Her mother is in the village to help with some kind of teacher’s conference, so Liza is visiting the school classrooms for a few weeks. I really liked her because she spoke English better than anyone I’ve met in the last 7 days! She walked up to me directly and said, “I really want to speak English with you, but I don’t know what to say.” My heart melted to the floor! I just asked her if she liked Georgia, and her response was surprising. She said she liked it more than Russia, which I find a little hard to believe, but she seemed sincere. I don’t want to get into politics, but it really seems that the whole Russia\Georgia conflict is ridiculous, and the blame can be placed squarely on politicians, and the very rich. I’ve asked many Russians who I know from social web sites for their opinions on the subject of Georgia. I’ll ask them “Why does Russia hate Georgia, and why does Georgia hate Russia?” And their response seldom strays from something like, “I have no idea!” But I don’t want to take this direction now. I just want to say that I really liked this little girl because she was so precocious and her personality so delightful! I am quite sure the people of Georgia have understandable reasons to hate Putin and the oligarchy surrounding him, but very few reasons to hate the average Russian. It seems to me the truth is that the average Russian has absolutely no reason to dislike an independent Georgia. But again, I really don’t understand all the angles yet.

I’m going to really enjoy Mondays because it’s all the older kids, 3 periods in a row. It’s almost like I get to spend time with my niece Aru (also in the 6th grade), and I’m missing her very much!

I walked home from school at 1 O’clock with Teona (I think she came to school so I wouldn’t have to walk alone). She’s such a good kid, but I’m feeling guilty about taking up her time for something so unnecessary.

followed me home from school, Nino and Gwansa

I was hanging around the house for an hour or so, and this is when I decided it was time to explore the village.  I picked up my camera and went for a walk. I went a few different directions looking for anything worthy of a picture. The smell of manure is everywhere, and you really have to watch where you’re stepping every moment.

I came across a small group of boys who recognized me from school.

It took me about 20 minutes to run into these kids, and after that, I was never alone for the next 90 minutes.



Avto and Nika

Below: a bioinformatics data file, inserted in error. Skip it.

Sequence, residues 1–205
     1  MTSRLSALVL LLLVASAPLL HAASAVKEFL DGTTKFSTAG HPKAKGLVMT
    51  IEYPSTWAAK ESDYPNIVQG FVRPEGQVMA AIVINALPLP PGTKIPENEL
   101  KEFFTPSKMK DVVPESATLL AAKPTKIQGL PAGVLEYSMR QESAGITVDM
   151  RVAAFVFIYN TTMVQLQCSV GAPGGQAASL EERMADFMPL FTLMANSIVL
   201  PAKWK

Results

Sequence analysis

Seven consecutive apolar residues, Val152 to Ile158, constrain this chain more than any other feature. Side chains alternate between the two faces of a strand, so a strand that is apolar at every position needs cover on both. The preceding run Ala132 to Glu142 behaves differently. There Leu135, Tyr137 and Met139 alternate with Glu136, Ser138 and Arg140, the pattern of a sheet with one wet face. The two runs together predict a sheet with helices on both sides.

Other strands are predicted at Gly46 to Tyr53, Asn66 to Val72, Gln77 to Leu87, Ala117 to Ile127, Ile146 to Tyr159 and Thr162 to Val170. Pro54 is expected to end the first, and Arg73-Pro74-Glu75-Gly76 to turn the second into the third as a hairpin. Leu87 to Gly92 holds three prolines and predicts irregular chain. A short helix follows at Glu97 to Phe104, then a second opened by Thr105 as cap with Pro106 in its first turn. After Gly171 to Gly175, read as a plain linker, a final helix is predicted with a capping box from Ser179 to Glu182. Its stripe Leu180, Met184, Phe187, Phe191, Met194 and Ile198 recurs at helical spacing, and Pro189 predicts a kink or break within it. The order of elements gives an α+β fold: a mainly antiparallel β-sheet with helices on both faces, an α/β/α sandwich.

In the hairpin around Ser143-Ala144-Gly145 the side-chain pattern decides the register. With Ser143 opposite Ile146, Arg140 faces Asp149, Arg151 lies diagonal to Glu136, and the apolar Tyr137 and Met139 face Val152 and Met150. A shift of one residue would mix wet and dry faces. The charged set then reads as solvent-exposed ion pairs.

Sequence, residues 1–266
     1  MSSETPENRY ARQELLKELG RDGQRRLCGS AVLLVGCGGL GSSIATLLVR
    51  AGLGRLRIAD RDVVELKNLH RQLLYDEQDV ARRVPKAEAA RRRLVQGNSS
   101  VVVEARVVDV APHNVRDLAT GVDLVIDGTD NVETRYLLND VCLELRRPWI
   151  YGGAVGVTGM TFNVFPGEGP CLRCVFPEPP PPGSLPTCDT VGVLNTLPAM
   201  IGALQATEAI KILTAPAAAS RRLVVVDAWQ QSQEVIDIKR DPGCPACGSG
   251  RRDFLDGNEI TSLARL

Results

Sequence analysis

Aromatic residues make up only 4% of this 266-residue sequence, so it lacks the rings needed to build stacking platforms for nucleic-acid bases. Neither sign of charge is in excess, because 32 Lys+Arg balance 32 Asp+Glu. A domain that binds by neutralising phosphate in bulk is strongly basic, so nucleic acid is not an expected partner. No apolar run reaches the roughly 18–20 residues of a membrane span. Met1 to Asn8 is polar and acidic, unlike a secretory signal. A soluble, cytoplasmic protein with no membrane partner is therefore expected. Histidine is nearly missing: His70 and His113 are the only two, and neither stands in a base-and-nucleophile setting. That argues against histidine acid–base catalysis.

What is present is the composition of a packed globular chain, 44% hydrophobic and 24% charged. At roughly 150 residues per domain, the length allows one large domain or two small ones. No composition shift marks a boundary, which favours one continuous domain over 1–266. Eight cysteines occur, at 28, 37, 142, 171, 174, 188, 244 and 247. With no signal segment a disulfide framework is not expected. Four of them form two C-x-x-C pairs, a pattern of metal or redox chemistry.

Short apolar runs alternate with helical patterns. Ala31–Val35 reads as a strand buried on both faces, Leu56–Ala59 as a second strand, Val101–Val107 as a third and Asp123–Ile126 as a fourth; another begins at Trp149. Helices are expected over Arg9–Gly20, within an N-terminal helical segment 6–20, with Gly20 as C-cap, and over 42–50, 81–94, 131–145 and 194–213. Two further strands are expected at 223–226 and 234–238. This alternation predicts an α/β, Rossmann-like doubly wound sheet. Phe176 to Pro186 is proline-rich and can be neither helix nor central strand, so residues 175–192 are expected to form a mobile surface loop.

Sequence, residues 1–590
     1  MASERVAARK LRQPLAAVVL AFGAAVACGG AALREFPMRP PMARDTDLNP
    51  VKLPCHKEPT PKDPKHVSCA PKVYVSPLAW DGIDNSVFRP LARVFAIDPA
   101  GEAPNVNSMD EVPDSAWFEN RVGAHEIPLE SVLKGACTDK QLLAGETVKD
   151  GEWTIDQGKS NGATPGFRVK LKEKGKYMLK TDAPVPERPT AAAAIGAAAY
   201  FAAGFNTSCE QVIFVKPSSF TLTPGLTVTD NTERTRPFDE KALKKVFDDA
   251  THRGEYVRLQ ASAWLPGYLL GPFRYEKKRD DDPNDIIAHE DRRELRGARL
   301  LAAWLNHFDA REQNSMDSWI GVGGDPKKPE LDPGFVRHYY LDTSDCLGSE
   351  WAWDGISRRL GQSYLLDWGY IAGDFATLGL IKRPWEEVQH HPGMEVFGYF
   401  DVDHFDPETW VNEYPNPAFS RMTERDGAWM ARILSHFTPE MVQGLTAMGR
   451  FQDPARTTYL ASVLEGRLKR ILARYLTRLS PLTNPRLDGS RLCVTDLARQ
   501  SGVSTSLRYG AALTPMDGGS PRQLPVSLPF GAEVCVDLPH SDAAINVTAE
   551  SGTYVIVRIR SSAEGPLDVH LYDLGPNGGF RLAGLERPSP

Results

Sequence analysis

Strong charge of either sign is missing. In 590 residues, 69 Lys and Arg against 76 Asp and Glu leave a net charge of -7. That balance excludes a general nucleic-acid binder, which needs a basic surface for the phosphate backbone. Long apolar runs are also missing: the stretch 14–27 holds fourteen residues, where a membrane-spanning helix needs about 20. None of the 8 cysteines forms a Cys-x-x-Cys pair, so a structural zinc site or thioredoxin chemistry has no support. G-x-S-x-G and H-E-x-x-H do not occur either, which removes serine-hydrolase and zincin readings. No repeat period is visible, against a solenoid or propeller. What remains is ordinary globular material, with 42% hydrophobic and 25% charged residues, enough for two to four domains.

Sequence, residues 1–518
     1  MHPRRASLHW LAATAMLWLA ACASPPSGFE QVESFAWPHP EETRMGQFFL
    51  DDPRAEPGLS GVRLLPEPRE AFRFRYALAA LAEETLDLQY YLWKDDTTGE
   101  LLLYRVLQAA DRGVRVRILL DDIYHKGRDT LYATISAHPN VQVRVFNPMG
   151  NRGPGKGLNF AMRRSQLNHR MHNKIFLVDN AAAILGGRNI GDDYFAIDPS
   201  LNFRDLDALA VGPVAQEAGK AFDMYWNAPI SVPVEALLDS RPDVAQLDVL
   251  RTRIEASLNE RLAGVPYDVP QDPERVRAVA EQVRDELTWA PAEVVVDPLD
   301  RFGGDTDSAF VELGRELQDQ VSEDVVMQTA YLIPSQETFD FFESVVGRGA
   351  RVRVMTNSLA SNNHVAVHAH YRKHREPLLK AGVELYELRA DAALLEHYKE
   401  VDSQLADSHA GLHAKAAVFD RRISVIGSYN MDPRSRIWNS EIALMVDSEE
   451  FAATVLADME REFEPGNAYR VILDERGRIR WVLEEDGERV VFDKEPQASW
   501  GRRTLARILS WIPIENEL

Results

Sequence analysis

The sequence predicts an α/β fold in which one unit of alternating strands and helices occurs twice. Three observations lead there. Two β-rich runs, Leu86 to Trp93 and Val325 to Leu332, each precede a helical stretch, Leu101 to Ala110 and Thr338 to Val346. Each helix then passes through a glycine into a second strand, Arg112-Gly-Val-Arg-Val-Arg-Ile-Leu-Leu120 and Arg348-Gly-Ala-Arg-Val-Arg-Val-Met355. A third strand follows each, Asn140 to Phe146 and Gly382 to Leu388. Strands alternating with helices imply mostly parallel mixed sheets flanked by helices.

The man's name is Malhazy

Homeboys in the hood! Rowena, Otari, Malhazy, Zaza

Best puppy picture ever

They kept introducing me to adults and asked me to take pictures of everything. I found an old cemetery, and the village church (I guess). Some of the gravestones look really old!


If you think the light around the steeple is a happy accident, then you don't know me very well. 😉

Georgian convoy!

I kept running into groups of older men, and they all wanted to pull me away to drink! One of them was very insistent, but I resisted as vehemently as I could, without causing an international incident! I felt lucky to get away with my life! (I’m joking here, of course, but one gentleman was ignoring my Ara!–“no”)

A large group of boys are still with me, and the group is growing. We kept walking, stopping to say hello to anyone standing around. I guess we were making a lot of noise because people were starting to come out of their homes to say “gamarjobat” (hello).

One of my 6th grade students (her name is “Nino”) heard the noise and came out of her home to follow along.  She’s really smart, does all her homework, and lights up like a sparkler when she smiles.

Nino, 6th grade student

We ran into another group of kids hanging out on a village corner, and they all recognized me, but I had not been introduced to any of them. Everyone was super friendly and wanted pictures so what else could I do? It’s not like they wanted to whisk me away to some private barn to drink homemade vodka!


Very COOL Georgian teenagers

It was a challenge to get them to stop laughing!

I held my breath and gave my camera to one of the girls for this shot

Sign language "G" for Georgia

Mother and her 3 children

More later!

Walk to school

Walk to school

It’s really not a bad walk to school. Most of the route is paved, although it is the only paved road in the village and it goes down the center. Here are a few shots of what you’d see on the way to school, and some shots of the school itself.

This is the entrance to the village school

This is the main school building, just behind the larger wing you can see from the entrance. The larger wing is a multi-purpose room that is used for sports and events, but it's falling apart!

Sitting on a table at the back of a classroom

4th Grade student

4th Grade students

The school has no heat, and no lighting. They rely on daylight and layers of clothing

Typical Brown Board in classrooms

4th Grade Student

4th grade student

4th grade student

4th grade student

4th grade student

4th grade student

4th grade student

4th grade student

Tea, my Co-teacher

5th Grade student

That’s all for this post. I have more to post tonight…with text.